As we age, there is a natural and progressive breakdown that affects every part of our body, including our skin, bones, muscles, joints, internal organs and even our brains. Unfortunately, teeth are not immune to the effects of aging.
What is the normal amount of wear?
As we age, it is perfectly normal to have a certain amount of wear occur on our teeth. After the age of thirty, it is considered normal to lose about one millimeter of length of the upper front teeth, due to normal wear, for each decade of life. The average forty-year-old should not have more than one millimeter of wear on the edge of their front teeth, two millimeters for a fifty-year-old and so on.
A common problem today is excessive wear that occurs above and beyond expected age related wear. The result is an unattractive smile with short teeth and spaces between the teeth. Excessive wear can also result in temperature sensitive teeth, difficulty in chewing, chipping and fracturing of teeth, bite related problems such as headaches and TMJ (jaw joint) problems, and nerve exposure resulting in full blown toothaches. Unfortunately, many people are completely unaware that they have a serious tooth wear problem. Tooth wear can occur rapidly over a short period of time, or it can occur gradually over long periods of time. For many people, the wear goes unnoticed, especially if it has taken place more gradually.
Enamel is the hardest substance in our bodies. Once that is worn through, the inner soft core of the tooth, the dentin, is exposed. Dentin is where the nerve endings are located. Once the dentin is exposed, wear proceeds approximately eight times more rapidly because the dentin is much softer than enamel.
Often the front teeth that are worn have thin, sharp and jagged edges. The back teeth can have flattened surfaces and worn down fillings. If there are crowns or caps present on the back teeth they often can have holes present on the biting surface from being worn thin. The wear in these cases can be on front teeth only, the back teeth only, or both. Treatment can include fabrication of a night guard if the wear is minimal. If the wear is extensive, treatment often requires restoring the teeth back to the original height and establishing a balanced bite, which helps to eliminate the grinding problem.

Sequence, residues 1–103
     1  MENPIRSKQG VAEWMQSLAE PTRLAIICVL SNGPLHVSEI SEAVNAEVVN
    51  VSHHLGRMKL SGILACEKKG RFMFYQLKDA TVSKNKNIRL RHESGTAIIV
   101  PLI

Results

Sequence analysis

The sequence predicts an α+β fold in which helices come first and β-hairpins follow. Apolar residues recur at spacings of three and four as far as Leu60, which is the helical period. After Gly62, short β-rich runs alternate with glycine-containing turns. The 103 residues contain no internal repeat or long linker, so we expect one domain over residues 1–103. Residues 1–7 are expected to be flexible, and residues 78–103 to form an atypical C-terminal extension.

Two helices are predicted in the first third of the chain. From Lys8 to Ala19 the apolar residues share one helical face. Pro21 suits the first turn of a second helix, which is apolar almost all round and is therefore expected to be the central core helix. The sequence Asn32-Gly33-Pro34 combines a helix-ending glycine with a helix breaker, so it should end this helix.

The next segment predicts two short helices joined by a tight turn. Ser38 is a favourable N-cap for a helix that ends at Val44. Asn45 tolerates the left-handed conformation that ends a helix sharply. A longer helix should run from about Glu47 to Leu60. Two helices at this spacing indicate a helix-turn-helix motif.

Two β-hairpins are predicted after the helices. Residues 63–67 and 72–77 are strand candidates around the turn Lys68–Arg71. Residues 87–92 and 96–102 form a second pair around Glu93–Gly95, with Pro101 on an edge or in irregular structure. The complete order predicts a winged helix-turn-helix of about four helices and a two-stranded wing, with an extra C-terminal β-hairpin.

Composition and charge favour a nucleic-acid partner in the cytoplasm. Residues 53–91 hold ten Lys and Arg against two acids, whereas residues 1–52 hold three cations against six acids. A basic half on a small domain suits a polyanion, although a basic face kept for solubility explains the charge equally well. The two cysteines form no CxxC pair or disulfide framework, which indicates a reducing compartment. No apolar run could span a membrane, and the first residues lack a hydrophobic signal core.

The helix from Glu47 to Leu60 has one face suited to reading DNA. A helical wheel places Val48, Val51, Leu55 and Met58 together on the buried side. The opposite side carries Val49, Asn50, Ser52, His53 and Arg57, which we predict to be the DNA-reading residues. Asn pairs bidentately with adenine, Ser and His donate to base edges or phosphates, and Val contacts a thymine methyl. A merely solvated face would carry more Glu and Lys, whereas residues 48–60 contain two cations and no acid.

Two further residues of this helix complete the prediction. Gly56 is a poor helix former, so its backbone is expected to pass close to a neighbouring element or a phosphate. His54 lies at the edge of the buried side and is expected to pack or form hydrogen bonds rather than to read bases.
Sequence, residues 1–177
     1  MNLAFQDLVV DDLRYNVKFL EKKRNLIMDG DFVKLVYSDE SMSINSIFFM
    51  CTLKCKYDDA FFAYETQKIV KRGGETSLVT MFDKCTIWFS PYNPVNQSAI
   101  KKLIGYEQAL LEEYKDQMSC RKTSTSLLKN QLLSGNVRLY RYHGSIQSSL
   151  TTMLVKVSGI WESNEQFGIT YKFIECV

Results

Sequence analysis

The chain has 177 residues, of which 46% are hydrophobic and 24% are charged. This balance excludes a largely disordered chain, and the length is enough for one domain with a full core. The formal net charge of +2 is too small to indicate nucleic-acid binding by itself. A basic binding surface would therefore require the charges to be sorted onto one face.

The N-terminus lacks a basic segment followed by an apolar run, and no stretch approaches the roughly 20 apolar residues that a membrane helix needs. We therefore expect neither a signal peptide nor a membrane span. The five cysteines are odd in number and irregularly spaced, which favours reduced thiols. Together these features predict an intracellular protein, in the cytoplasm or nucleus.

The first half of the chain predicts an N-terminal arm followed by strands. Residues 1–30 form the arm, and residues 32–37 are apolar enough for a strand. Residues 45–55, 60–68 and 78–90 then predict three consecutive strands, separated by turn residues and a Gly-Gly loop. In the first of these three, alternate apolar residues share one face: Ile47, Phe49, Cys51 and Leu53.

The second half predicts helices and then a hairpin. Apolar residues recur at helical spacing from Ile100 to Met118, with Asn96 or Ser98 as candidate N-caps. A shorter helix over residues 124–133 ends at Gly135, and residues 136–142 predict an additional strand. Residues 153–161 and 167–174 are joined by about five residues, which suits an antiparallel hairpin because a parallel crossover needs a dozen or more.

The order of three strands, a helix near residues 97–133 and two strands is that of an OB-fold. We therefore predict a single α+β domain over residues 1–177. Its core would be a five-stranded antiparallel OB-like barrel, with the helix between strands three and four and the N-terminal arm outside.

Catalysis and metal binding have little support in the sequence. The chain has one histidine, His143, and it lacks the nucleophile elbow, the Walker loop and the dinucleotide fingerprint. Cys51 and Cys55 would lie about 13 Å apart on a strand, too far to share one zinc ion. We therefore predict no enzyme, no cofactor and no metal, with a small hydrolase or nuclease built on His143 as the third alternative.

Abrasion refers to wear that is caused by external forces. The most common are the type that is caused by hard brushing and the use of abrasive toothpaste. Also, depending upon cultural differences, certain diets can be highly abrasive. Typically, the type of abrasive wear that we see most is caused by toothbrush abrasion and it often results in notched out areas at the gum line. Treatment usually involves helping the patient to recognize the cause of the problem so that they can alter what they are doing and then restoring the worn away tooth structure. This treatment may only require a simple filling or two with composite bonding.
Erosion is the wearing away of tooth structure that is caused by acid. This is the least recognized form of tooth wear even though it has its own unique appearance that is quite different from attrition or abrasion. There are only two possible sources of acid in our mouths. There is the kind that we ingest, or bring in, and the kind that we regurgitate, or bring up.
The number one culprit of ingested acid is carbonated beverages or soda. Soda is highly acidic and the daily ingestion of soda can destroy enamel in a short period of time. Even acidic juice drinks like orange juice can have a deleterious effect on enamel. Ingested acid can damage the enamel on the surface of the front teeth, especially at the gum line, and at the biting surface of the back teeth.
Teeth that are worn due to acid erosion exhibit a satin-like surface texture and have rolled margins as opposed to sharp jagged edges seen in attrition from grinding. Treatment for all erosion cases involves identifying the cause of the acid and eliminating it. If soda drinking is causing the problem we will discuss and try to educate people about the harmful effects. Treatment in any case of acid erosion involves covering the exposed dentin and restoring the teeth back to their normal size and shape before any further damage can occur. In many cases the treatment will protect the remaining tooth structure, and prevent any further damage from occurring.
Excessive tooth wear is a serious problem that should not be ignored. In any case of excessive tooth wear, the key is proper diagnosis. Contact our office if you have any concerns.